"I'm very sorry. The inn won't be open until March. If you need to stay in Last Chance, there's always the Peach Blossom Motor Court. Or you could see if Miriam Randall will take you in. She sometimes takes in boarders."

"Damn it all, woman, this is my house." He pushed against the door, and Jenny pushed back.

"Not anymore," she said.

He stopped pushing and stepped back from the threshold. By the deep furrows on his brow, she could only surmise that he was surprised anyone would stand in his way. She slammed the door on him to punctuate her point. Then she twisted the bolt lock and took a couple of steps back from it, her heart hammering in her chest.

Gabe stood on the porch breathing hard, trying to control his anger and a dozen other emotions he didn't want to feel, chief among them a deep, gnawing loneliness.

The hollow feeling had been with him for a long time—even before his breakup with Delilah years ago. And now, this place and the memories it raised made the loneliness feel deep and wide, like a gaping chasm. There was something dark and frightening down in the depths of that empty place. Something monstrous.

He leaned on the porch railing and looked around at the familiar scene. His younger self had been happy and carefree here. Christ, it had been a long, long time since he'd felt that way.

And The Jonquil House was perfect for what he needed right now, a quiet place almost entirely off the grid where he could wrestle with his writer's block and escape from his mistakes. Hiding out here in the middle of nowhere seemed like a good idea. He'd have solitude. He could be alone with his demons.

But a tiny little innkeeper stood between him and what he needed. It was worse than that—she hadn't even recognized him.

He let go of a short bark of laughter. He should be happy. In Charleston, he couldn't walk down a street without someone, usually dressed like a Goth, accosting him and wanting a piece of him.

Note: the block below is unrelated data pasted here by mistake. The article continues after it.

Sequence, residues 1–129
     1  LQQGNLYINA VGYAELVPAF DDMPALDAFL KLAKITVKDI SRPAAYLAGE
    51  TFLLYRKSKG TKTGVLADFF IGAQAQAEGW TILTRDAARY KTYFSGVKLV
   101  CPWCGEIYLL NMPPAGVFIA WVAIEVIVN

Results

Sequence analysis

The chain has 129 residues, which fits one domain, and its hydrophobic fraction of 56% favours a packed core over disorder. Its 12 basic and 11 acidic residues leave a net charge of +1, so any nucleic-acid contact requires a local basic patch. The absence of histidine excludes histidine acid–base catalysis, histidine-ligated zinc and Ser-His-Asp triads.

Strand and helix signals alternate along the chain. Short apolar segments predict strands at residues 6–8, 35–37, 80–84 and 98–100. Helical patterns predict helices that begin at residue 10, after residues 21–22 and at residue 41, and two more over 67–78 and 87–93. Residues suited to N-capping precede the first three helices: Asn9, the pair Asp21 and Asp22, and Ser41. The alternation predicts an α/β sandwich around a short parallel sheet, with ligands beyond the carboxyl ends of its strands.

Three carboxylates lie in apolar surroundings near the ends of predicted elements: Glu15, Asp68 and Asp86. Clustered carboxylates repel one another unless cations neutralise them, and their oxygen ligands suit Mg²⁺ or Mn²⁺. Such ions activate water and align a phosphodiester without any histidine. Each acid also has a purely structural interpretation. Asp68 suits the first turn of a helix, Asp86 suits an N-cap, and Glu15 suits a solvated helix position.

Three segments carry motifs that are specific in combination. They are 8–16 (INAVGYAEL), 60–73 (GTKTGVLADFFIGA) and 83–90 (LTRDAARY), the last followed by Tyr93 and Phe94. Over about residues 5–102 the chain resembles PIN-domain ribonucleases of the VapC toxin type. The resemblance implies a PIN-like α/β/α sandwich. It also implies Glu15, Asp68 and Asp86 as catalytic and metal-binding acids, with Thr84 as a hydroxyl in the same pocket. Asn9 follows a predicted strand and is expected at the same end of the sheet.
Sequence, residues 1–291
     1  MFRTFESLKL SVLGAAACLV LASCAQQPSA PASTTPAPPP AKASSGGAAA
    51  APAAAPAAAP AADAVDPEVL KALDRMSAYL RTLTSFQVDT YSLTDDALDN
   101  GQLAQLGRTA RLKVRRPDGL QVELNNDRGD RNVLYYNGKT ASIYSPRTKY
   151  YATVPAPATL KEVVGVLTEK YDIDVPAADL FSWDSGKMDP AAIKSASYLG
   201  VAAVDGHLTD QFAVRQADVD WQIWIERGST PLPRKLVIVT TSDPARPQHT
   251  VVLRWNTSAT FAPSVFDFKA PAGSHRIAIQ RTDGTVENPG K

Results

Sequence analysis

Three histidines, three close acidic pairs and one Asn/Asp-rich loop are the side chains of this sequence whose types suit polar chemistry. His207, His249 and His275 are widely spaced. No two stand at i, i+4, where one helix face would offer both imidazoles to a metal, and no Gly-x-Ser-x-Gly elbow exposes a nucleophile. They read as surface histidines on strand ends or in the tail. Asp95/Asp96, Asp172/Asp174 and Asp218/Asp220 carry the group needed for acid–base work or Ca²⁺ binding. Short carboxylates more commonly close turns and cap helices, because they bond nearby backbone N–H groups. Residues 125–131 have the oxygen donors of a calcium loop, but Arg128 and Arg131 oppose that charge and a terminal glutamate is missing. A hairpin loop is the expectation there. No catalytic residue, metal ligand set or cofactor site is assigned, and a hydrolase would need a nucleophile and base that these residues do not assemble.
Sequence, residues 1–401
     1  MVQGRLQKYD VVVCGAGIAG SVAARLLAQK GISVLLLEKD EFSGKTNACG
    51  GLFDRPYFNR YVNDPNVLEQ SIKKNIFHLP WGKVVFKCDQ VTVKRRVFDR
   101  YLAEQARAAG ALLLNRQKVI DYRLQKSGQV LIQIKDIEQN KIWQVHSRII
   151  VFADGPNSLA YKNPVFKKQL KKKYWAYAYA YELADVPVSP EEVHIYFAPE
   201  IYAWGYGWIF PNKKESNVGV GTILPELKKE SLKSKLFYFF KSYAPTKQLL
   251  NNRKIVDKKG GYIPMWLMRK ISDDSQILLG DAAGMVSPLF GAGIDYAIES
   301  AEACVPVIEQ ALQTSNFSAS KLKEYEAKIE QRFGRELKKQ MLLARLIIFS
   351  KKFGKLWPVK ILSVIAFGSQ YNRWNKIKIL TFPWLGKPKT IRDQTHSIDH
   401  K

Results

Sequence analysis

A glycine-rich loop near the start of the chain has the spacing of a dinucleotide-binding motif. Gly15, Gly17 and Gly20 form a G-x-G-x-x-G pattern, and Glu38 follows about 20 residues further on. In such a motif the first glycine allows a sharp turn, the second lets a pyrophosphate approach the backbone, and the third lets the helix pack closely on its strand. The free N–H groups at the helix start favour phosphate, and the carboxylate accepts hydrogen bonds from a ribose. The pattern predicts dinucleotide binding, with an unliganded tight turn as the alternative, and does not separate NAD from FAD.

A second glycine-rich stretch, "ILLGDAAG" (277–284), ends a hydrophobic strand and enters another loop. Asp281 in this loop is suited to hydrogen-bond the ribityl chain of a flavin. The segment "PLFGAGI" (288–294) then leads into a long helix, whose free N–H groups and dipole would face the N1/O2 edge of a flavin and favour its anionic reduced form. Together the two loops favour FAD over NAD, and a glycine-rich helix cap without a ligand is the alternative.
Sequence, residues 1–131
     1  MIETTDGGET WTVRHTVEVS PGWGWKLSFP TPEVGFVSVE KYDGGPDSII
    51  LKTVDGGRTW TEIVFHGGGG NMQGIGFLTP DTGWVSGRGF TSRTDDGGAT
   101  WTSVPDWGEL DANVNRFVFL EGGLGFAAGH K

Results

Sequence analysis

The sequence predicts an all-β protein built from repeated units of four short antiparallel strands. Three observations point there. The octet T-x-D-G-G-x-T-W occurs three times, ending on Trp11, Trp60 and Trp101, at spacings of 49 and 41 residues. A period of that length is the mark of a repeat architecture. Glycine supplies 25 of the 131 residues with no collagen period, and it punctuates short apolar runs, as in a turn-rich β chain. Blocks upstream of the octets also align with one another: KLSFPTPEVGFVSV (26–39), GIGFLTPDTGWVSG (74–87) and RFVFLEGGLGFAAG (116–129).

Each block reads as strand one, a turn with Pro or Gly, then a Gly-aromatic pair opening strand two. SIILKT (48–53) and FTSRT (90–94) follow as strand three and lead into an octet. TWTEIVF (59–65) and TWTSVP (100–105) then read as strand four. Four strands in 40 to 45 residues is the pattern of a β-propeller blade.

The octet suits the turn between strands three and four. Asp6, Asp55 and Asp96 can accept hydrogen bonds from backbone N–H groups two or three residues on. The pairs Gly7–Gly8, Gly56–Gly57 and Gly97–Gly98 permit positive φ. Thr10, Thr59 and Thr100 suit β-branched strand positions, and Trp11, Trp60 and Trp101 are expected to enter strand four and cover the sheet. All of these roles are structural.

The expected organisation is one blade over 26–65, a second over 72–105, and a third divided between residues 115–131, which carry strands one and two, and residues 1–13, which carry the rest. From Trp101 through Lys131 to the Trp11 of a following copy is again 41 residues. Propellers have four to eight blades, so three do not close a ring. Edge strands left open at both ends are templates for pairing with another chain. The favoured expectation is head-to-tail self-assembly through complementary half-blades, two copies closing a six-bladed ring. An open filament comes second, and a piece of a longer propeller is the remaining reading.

He stared at the closed door. He was an idiot if he let that woman bruise his ego. Besides, he'd come here to hide out. And she'd just convinced him it was the perfect place for that singular activity.

He surveyed the overgrown drive, memories filling his head. Twenty-five years ago he would have been greeted by Zeph Gibbs, the hunting guide and caretaker. Lottie Easley would be back in the kitchen cooking up hoppin'-john and corn bread and fried okra. He could almost taste Lottie's cooking.

And he longed to see their faces. But they were ghosts now. Especially Luke, the brother he'd lost twenty-five years ago in a hunting accident.

Ten-year-old Gabe had been there the day Luke died, but Gabe had no memory of what had happened that awful day. Those memories were locked behind a barrier as high and thick as Hadrian's Wall.

His heartbeat echoed inside his empty chest. He had worshiped his older brother, and Luke's death had changed everything.

He moved down onto the porch step and let the rain fall on his head and shoulders. It was quiet here. Peaceful. Precisely the kind of place he needed to get back in touch with his muse. The kind of place he needed to write the damn book that had been eluding him for almost a year. The kind of place where a lonely man could simply be left alone.

The muscles of his neck and shoulders tensed in frustration. If the inn wasn't going to open until March, he'd have to come up with another plan.

But he didn't want a Plan B. He wanted to come back here. Something in his gut told him that this was precisely the right place to be.

The rain was picking up, and sleet was beginning to mix with it. The roads were going to get bad before too much longer.

Either way, he'd have to stay the night at the seedy motel in town. But tomorrow, when the storm had passed, he'd come back out here and negotiate. The little innkeeper had her price. Everyone did.

Tomorrow he'd buy back The Jonquil House.

The wipers smeared the light from the motel's sign as Gabe pulled his Lexus SUV into the parking lot. Peach blossoms blinked on and off, like opening flowers, but the neon was burned out in a few places, so that the sign read "each Bosom Moo," which Gabe found vaguely hilarious, given the motel's reputation.

He remembered the motel from his boyhood. It hadn't looked nearly so run-down twenty-five years ago.

He sat in his car for a long moment, the wipers thumping a syncopated counterpoint to the recording of Bach's Brandenburg Concerto Number 1 coming from his top-of-the-line sound system.

Maybe he should turn around and head toward Columbia. Columbia might be a sleepy southern capital, but they had hotels there. Nice ones, with room service. He might be able to hide out in Columbia. Of course, he'd have to be careful not to go out to eat or walk the streets or any of those things. There were a lot of people in Columbia, and some of them were sure to recognize him. Someone would tweet about him. And his editor would come looking for him. And his crazy fans would find him and hound him.